It’s a fairly well-known fact that often when deleting a file from a computer or mobile device, you are not actually deleting the file. A file is simply marked by your particular OS and often overwritten. To the regular every day user, this is good enough. Most don’t have the tools to retrieve data marked and covered like this, so to them it is actually deleted. We talked about this before when considering selling your device to someone else.
It seems that one of the most popular apps on the market, Snapchat, doesn’t actually delete those Snaps when the timer runs out. Much like the standard deletion protocols in an OS, Snapchat does not remove the photos taken with their app. But instead of marking them to be overwritten, it seems the way that Snapchat works is to simply rename the file type to something that no other app on the OS, including the OS itself, will recognize or use. No galleries, no thumbnails, nothing. The standard app doesn’t see the picture and only Snapchat can access it.
Or so we thought.
Much like the iCloud photo scandal that’s been floating around for the last several months, it seems that Snapchat has recently been hacked and a potential 200,000 users, or more, have had their personal picture compromised. It seems, though, there may be potential for something more than just a security violation.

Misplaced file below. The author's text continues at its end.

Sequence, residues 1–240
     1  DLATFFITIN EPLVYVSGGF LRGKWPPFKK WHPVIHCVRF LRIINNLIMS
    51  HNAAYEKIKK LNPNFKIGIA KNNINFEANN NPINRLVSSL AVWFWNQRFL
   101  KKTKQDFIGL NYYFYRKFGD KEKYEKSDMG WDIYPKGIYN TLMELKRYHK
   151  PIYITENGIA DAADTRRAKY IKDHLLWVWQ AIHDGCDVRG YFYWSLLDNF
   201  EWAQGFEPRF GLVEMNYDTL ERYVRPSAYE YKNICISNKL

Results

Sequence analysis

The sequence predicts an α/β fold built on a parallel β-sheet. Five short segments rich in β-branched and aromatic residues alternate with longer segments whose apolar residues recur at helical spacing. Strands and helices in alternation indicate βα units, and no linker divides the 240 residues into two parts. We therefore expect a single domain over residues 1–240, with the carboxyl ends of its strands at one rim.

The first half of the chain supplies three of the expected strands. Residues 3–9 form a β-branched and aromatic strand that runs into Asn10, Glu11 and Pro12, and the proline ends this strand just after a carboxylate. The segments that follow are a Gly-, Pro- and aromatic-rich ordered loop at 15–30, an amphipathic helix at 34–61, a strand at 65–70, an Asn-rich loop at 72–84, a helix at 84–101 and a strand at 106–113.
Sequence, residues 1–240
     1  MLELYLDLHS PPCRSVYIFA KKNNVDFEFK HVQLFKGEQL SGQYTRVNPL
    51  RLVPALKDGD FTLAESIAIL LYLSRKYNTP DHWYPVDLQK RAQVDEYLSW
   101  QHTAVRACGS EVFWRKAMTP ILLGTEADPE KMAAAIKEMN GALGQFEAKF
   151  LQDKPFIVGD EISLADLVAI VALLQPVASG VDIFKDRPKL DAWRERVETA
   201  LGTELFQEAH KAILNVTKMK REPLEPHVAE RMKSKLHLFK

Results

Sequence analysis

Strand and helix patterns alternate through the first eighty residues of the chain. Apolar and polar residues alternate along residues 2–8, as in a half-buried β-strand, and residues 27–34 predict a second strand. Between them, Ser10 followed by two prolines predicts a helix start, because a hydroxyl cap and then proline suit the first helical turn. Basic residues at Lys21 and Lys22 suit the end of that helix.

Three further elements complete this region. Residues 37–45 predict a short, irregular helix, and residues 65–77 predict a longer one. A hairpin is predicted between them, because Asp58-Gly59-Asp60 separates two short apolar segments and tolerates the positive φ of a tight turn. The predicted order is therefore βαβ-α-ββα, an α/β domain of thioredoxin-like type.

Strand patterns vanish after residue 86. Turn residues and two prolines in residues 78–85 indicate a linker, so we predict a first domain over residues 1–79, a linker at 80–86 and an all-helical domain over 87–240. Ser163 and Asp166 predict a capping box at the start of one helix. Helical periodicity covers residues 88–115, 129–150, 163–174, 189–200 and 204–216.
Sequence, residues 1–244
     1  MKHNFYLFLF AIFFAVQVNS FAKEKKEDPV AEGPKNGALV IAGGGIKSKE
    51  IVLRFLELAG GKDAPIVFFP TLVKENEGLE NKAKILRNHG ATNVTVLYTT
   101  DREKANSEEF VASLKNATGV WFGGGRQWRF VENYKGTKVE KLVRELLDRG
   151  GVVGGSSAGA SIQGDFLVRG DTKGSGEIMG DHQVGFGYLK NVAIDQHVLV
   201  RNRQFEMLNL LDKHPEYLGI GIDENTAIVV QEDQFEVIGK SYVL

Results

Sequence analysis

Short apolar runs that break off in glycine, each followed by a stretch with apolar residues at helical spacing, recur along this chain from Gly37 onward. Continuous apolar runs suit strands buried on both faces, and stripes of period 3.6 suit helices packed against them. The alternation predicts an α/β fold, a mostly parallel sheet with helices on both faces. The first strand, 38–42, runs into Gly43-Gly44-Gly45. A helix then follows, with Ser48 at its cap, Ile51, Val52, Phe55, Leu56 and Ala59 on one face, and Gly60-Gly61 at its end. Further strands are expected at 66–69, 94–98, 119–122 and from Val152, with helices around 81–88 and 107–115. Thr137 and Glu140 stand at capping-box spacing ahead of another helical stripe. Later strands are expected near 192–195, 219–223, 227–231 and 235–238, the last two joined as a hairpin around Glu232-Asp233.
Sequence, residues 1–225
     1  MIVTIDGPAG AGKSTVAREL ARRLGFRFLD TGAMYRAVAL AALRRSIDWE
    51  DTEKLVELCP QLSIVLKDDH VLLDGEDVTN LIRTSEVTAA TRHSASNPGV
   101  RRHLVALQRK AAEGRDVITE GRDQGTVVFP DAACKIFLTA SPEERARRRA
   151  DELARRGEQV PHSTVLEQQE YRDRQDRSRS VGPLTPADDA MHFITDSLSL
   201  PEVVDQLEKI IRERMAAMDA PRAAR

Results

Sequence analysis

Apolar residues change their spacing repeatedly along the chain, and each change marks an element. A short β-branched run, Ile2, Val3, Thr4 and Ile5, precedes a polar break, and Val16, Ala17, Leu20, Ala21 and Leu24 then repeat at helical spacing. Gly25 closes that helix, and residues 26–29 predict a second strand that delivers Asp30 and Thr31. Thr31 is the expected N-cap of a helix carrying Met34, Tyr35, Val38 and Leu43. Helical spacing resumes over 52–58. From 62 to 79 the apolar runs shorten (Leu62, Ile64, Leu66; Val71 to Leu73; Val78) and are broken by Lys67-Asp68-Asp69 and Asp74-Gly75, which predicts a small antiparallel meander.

Let’s face it, some of the appeal of Snapchat is the personal potential behind it. Photos that wouldn’t be best saved for a length of time on your phone are seemingly gone in seconds on the app. But with this hacking, it seems that an uncomfortable light has been shined on Snapchat, its methods, and even how we use our smartphones. Because if it’s not personal photos, then the app could easily be used in a security breach. No visible evidence will exist on the phone without digging deep with a toolkit that allows a hacker to see parts of your device that normally isn’t visible.
Snapchat doesn’t seem to have a problem with this. Their response is basically summed by the idea that if you don’t want someone to see a personal photo, be it of you, your family, or sensitive information, then its best if you don’t take a picture of it.
However, there are several options that Snapchat could take to get around what many will likely see as a bit of a dupe when news of reality of their app starts spreading. A simple encryption tool, used to shred and encode deleted files, would solve many of the apps problems. It would ensure that only those with the encryption key, which is highly difficult to obtain, could get to any deleted information.
It’s yet to be seen how Snapchat plans on reacting to the breach and hacking in the long run. Most aren’t concerned, though the stealing of this information is indicative of a greater problem that seems to be showing up all over the mobile world. If a group such as 4chan, while skilled at what they do, can so easily access iCloud and Snapchat accounts, what is next for the average user?